History on the Hume: a research project



With COVID-19 scuttling many travel plans, it became clear that domestic travel over short distances would be the immediate relief for those wishing to rekindle the travel urge.

Over a period of 40 years, I have travelled the Hume Highway as part of my work watching it grow and develop from a frightful two-lane main road into today's fully duplicated, dual carriageway between Sydney and Melbourne.

Progressively the small towns and villages along the route were bypassed as roadworks evolved into what we have today: a safe, efficient, albeit soulless motorway joining Australia's two largest cities.

In the last few years, I have made a point of taking many detours to explore the now-isolated communities to see how they are faring with their new-found tranquillity. Some have successfully reinvented themselves as vibrant stopovers offering shopping, history and gourmet diversions for passing travellers. Others have simply resigned themselves to quiet decay.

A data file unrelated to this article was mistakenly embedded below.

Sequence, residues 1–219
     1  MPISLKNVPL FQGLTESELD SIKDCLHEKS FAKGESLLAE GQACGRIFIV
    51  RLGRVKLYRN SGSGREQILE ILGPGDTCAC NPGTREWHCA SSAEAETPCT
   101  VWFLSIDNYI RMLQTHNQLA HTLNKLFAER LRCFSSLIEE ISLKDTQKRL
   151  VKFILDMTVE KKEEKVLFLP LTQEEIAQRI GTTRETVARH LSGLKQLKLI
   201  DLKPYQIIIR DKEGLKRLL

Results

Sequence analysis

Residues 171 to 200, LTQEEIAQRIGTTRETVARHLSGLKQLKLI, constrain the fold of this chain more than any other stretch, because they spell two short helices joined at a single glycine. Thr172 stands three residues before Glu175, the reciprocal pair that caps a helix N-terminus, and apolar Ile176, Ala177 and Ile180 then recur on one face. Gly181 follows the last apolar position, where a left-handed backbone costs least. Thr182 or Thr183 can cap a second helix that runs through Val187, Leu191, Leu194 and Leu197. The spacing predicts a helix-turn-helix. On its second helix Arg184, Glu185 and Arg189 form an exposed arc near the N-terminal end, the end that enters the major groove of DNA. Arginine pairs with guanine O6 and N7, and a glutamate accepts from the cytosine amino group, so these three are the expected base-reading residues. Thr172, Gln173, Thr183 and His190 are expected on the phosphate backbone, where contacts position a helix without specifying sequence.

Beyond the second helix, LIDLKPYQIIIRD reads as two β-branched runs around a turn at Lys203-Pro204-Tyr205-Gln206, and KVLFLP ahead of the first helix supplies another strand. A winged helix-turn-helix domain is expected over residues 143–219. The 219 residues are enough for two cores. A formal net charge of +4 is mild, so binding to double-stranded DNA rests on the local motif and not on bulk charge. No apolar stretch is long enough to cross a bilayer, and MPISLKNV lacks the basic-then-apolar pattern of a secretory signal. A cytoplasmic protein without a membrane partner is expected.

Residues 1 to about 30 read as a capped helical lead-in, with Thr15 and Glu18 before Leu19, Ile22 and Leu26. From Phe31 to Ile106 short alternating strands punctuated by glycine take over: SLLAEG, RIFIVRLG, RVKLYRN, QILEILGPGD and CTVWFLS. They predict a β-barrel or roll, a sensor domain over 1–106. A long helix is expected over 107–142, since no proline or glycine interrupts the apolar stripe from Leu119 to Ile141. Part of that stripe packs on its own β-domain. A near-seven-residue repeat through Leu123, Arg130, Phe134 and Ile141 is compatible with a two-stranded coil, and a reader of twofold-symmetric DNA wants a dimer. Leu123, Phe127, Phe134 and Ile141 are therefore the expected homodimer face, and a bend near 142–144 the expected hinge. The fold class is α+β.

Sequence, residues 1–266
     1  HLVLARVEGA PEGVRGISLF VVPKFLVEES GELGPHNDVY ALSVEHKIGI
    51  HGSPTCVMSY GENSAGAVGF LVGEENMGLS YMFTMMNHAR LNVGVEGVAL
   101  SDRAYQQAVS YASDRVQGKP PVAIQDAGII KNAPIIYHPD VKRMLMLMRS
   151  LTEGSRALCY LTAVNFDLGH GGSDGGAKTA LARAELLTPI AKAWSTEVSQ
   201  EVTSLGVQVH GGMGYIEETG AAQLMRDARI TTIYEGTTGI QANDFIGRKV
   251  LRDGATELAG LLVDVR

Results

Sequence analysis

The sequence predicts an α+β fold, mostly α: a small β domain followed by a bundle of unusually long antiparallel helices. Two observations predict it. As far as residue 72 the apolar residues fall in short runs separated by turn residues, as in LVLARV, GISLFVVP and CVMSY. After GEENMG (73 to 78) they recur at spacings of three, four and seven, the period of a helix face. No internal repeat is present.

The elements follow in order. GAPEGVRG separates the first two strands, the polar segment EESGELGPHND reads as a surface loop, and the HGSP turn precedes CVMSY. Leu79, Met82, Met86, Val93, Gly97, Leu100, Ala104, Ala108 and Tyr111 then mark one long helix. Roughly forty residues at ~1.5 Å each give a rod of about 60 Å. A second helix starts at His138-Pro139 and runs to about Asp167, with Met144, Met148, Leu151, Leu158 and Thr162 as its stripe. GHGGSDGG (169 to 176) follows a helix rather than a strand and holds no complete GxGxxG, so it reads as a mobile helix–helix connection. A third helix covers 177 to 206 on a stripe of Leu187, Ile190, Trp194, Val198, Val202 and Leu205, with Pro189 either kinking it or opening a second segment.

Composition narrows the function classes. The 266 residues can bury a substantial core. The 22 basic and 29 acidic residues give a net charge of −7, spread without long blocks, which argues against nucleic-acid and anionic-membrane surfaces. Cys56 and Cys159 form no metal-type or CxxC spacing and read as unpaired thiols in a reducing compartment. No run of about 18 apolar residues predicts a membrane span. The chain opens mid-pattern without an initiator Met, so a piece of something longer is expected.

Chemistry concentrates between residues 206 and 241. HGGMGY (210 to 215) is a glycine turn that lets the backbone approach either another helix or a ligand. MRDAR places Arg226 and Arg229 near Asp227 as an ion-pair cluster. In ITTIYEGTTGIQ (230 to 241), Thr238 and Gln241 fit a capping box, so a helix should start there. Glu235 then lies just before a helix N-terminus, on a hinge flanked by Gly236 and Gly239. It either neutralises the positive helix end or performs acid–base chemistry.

The history of overland travel between Sydney and what would become Melbourne, began with the seminal Hume & Hovell expedition of 1824, opening up vast tracts of pasture all along the route and necessitating the building of roads and railways to service the new frontier.

Here is a regularly updated list of links to stories produced as a result of these many road trips. There is a mix of original stories and photography as well as archival pieces reproduced with original photography:
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